Van artist pays tribute to Stoke City, Leicester City & England legend

A white van man who describes himself as a “graffilthy” artist has painted a heart-warming tribute to football hero Gordon Banks.

Ricky Minns, 44, who goes by the name Ruddy Muddy, has created a muddy masterpiece on the back of his van, paying tribute to the late England goalkeeper.

Speaking of Gordon Banks, the artist from Norwich, Norfolk said: “I used to play in goal when I was younger so he was a hero of mine.

“He was an absolute legend – people have said he should have got a knighthood.

“I just wanted to capture the essence of him and you could see how much effort he was putting in to that save.”

Gordon Banks, who was England’s 1966 World Cup-winning goalkeeper, died on Tuesday (Feb 12) aged 81.

The footballer was regarded as one of the game’s greatest goalkeepers, earning 73 caps for England.

Banks is best known for his save from Pele during the 1970 World Cup against Brazil, which went down in history as “the greatest save ever made”.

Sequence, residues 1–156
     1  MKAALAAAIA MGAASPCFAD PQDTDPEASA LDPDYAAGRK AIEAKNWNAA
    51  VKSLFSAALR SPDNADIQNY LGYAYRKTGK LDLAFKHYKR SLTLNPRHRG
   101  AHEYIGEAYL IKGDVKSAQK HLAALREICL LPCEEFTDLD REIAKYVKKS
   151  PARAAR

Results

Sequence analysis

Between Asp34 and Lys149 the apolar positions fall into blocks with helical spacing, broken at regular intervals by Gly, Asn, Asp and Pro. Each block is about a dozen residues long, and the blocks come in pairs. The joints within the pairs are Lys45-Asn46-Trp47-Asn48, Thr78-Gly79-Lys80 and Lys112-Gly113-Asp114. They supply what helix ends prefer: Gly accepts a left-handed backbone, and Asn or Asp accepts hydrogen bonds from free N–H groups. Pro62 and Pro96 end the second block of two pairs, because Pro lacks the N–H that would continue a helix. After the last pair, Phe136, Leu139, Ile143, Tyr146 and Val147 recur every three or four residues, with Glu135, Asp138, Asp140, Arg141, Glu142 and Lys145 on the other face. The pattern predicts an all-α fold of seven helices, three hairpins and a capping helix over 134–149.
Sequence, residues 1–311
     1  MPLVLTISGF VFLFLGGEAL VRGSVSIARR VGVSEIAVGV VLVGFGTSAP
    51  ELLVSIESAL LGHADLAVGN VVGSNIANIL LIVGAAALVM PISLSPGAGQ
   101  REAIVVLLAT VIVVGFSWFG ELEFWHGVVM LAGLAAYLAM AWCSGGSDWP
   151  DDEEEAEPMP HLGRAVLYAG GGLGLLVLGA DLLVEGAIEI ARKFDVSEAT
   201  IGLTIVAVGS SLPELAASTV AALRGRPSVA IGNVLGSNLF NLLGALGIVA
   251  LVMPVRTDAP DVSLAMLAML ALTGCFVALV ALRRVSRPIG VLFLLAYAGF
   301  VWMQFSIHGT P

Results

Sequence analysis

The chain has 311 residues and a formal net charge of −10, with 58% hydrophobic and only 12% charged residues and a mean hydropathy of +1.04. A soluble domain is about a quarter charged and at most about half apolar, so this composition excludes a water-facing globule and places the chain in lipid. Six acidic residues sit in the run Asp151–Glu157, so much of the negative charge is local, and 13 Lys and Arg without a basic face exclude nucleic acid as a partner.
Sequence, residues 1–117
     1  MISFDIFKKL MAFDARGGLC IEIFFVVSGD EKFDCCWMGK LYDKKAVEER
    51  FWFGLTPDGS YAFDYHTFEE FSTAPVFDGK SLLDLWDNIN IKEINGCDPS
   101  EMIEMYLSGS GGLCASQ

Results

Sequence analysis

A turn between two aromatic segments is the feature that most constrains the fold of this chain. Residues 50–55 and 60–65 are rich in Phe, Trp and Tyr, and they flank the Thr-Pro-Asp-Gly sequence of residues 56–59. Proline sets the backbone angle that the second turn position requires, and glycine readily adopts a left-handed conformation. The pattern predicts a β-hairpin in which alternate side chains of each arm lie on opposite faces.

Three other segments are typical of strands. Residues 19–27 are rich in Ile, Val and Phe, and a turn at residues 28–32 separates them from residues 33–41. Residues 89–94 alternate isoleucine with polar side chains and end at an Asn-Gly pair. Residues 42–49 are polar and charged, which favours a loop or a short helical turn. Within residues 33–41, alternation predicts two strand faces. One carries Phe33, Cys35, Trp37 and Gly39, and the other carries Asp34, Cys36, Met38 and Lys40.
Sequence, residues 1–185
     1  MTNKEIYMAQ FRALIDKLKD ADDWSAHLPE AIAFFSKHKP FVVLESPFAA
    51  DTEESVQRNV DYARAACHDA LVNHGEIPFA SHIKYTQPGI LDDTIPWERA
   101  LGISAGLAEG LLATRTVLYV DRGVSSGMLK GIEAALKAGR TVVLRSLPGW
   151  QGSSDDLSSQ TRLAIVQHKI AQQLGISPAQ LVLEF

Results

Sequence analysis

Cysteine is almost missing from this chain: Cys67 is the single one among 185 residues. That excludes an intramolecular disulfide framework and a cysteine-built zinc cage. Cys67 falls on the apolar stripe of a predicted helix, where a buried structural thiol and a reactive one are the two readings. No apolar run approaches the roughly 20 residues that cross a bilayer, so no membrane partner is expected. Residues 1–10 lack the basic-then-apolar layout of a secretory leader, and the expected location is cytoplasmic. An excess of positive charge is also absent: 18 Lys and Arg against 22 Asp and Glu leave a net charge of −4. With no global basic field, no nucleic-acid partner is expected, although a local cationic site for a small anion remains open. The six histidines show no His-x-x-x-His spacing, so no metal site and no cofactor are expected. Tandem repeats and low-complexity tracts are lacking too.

On the other half of the van, Ruddy has also paid tribute to the late rapper Cadet, who was tragically killed in a car crash on the way to gig on Saturday (Feb 9).

The 28-year-old rapper, whose real name is Blaine Johnson, was in a taxi on his way to a performance when the vehicle was involved in a fatal crash.

He said: “He was one of my daughter’s favourite artists and she used to play me all his songs in the car and tell me about his music.

“Gordon Banks was something for me and Cadet was something for her.”

The “graffilthy” artist, who is a delivery driver for a flower company, started drawing on vans 11 years ago to stop his children reading rude words on the back of vans.

The artist creates works of art in the dirt, grease and mud of unwashed Transit vans using his fingers and his designs have hit national news on a number of occasions.

Ruddy’s most-recognisable designs are those of Prince Harry, Leonardo Di Vinci’s Mona Lisa, Prime Minster Teresa May, and Labour leader Jeremy Corbyn.

He added: “It’s quite funny really, it was all because I didn’t want my kids to see the filth that people scribble on vans with their fingers.

“I started to go over people’s rude messages with my fingers, first I just drew mountains and things and then I got a bit more artistic each time.”

Ricky’s technique has evolved over the years and he now sprays a secret mud recipe onto vans, but still finds his work weather dependant.

by Emilia Bruce-Watt

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